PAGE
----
Looking back on an unforeseeable year
Every year in December, we look back at what happened in the housing market over the past 12 months, and rate our ability to predict what would happen. We try to help you understand the trends that shape the mortgage and housing markets and offer a little informed opinion throughout the year. Some years we do better than others.
In some ways, everyone knows what’s happened this year—mortgage rates went up and home prices didn’t go down. This has been a difficult year for housing affordability.
But in other ways, it’s still extremely instructive to look back with the benefit of hindsight and see just how tumultuous this year was. For instance, did you remember that when we woke up on New Years Day, 2022, the average mortgage rate you could get on a loan was right around 3.11%? Today, the average rate has been hovering near 7%, more than double where we started the year.
Therefore, it’s no surprise, we’re sure, what subject we’re going to start with:
The headline of the year: Mortgage rates
As stated above, mortgage rates have more than doubled this year. A year ago at this time, low mortgage rates were driving a seller’s market, with many buyers bidding on the same homes just to be able to take advantage of historically low rates.
Part of the reason that rates were historically low was that the Federal Reserve was trying to boost up the economy during the height of the COVID-19 pandemic. They cut their federal funds rate, the rate that financial institutions use to borrow from each other, to 0%. Mortgage rates and other loan products followed suit, dropping their interest.
But as the country and the economy started to come out of this pandemic-fueled period, the Fed signaled that they were going to start raising their federal funds rate, which is what they do when they want to get a handle on inflation. And raise them they did.
Why mortgage rates went up
Over the course of four straight meetings, the Fed raised their rate by 0.75% percentage points, also called 75 basis points. A single rate hike of 75 basis points had been previously unheard of, but four in a row was shocking. And mortgage rates followed suit, rising like few economists had ever seen.
All of this was to get a handle on inflation, which is a rise in prices of the things that we buy. When inflation goes up, the value of a dollar does down. It is one of the Fed’s primary missions to manage inflation, which was starting to become a problem as 2022 began. At the time, Fed chair Jerome Powell’s comments indicated that the organization wasn’t overly concerned with inflation. This led us to predict that rates may go up, but not dramatically. Over the first few months of the year, that proved to be a pretty spot-on estimate.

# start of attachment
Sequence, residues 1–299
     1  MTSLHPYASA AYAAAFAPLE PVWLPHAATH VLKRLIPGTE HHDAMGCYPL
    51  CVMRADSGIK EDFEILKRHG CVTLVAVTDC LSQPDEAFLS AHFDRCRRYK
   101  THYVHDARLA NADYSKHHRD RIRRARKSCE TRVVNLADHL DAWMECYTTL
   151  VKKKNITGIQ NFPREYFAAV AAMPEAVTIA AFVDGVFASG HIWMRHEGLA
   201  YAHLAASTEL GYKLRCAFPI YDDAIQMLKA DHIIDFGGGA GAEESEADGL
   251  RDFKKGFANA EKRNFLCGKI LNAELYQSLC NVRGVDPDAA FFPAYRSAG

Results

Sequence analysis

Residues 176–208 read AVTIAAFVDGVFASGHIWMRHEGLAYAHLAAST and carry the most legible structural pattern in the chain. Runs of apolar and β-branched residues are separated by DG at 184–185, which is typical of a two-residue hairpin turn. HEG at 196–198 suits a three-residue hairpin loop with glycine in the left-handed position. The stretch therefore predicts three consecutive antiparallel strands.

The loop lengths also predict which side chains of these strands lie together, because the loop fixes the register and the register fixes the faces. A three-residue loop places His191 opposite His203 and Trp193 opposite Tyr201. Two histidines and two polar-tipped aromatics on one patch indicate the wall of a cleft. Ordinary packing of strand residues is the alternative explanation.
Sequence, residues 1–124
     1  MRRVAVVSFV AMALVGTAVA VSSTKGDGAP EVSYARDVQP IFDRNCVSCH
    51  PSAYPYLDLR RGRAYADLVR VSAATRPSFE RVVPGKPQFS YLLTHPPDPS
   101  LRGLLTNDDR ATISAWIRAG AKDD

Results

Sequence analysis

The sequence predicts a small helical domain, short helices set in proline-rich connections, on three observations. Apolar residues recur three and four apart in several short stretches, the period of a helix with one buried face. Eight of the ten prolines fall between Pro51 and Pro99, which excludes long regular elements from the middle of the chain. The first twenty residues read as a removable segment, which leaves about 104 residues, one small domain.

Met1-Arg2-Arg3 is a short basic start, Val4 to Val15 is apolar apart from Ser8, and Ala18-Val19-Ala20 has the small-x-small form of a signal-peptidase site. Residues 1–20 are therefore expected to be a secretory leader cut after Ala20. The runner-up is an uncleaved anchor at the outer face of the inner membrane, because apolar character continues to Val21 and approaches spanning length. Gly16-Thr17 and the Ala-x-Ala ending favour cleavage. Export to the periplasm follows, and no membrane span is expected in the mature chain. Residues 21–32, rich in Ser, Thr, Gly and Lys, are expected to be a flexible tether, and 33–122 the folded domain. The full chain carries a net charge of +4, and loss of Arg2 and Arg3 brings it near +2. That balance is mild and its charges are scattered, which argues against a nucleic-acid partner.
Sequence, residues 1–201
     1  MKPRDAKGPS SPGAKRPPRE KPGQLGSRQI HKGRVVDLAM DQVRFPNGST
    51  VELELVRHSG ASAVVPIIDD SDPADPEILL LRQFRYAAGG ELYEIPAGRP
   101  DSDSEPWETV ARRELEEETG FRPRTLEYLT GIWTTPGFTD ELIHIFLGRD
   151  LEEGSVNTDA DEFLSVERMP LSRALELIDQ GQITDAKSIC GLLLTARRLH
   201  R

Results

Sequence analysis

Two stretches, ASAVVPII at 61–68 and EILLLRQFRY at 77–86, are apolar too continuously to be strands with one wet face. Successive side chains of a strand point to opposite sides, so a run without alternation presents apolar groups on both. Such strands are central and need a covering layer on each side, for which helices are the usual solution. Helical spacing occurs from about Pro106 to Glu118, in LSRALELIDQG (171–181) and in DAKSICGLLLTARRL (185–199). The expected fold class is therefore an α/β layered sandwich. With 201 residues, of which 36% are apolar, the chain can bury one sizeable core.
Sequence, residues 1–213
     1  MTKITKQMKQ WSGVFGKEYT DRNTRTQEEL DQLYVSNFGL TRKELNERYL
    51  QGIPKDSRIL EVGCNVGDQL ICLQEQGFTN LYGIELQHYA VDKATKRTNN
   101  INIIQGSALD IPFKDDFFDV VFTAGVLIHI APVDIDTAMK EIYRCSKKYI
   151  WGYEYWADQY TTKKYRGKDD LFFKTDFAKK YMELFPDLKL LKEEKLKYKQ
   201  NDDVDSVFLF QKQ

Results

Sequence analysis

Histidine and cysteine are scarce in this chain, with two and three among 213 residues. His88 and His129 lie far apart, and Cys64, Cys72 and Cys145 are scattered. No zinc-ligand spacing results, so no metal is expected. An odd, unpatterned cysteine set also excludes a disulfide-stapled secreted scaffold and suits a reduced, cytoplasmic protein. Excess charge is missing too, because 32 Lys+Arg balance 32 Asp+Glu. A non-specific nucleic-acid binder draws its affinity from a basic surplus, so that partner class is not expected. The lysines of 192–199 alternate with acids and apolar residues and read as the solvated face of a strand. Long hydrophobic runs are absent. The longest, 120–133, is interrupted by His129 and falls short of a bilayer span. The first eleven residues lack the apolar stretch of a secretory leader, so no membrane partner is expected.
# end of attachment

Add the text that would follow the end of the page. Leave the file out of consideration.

Introducing rollercoaster rates
In the middle of spring, however, rates started to increase at a faster pace, shooting above 5% in April. Through the summer, rates were on a rollercoaster ride, going up to near 6%, then back near 5%. In the fall, rates have gone steadily up, reaching past 7%. It’s been a dramatic and unpredictable time, with each new piece of economic news seemingly affecting rates.
When rates have gone down, homebuyers have pounced and locked in those dips. But when they go up, buyers stay on the sidelines. That’s because a small difference in the mortgage rate, combined with the rising prices of homes, can make a big difference in how much they pay each month. Which bring us to…
The real story of the year: housing affordability
What do you get when you combine high home prices with high rates? A housing affordability crisis. As home prices and mortgage rates soared faster than average wage growth, fewer and fewer home shoppers can afford the monthly payments that they would need to make to own the home.
Housing affordability defined
How much a homeowner can afford is determined by the combination of all of the expenses that make up monthly house payments, including mortgage, taxes and insurance, compared to wages. The mortgage in particular is determined by the price paid for the home, so the greater the home price, plus the higher the mortgage interest rate, the more your monthly payment will be.
The price of homes have been driven up over the last few years by a couple of reasons, but it all comes down to the tried and true economic principal of supply and demand.
Low supply of available homes for sale has been a problem since before the pandemic. With fewer homes on the market, the ones that are for sale find themselves in bidding wars with eager buyers. This drives up the price of homes.
Now rates have gotten higher, but home prices haven’t come down. That makes it harder to afford a paying for your home each month.
The difference a year makes
Consider if you purchased an average priced home this year versus last year using the average nationwide home price from the third quarter of 2022 versus 2021, and the average 30-year fixed-rate mortgage rate from the end of October both years as well. These numbers are meant to serve as an example, but let’s say you could put down 20% on an average priced home in 2021 and have the same dollar amount for a down payment this year. Just take a look at the difference in monthly costs for the same home, purchased at different times one year apart:
National Average Home Price
National Average Mortgage Rate
Monthly Payment (including taxes, insurance, and PMI)
*Sample rate provided for illustration purposes only and is not intended to provide mortgage or other financial advice specific to the circumstances of any individual and should not be relied upon in that regard. Guaranteed Rate cannot predict where rates will be in the future.
So, in this scenario, the same average priced home would cost a homebuyer $1,115 more each month and $13,380 more a year*. That difference has priced many people out of the market in 2022.
Home prices kept rising, until they didn’t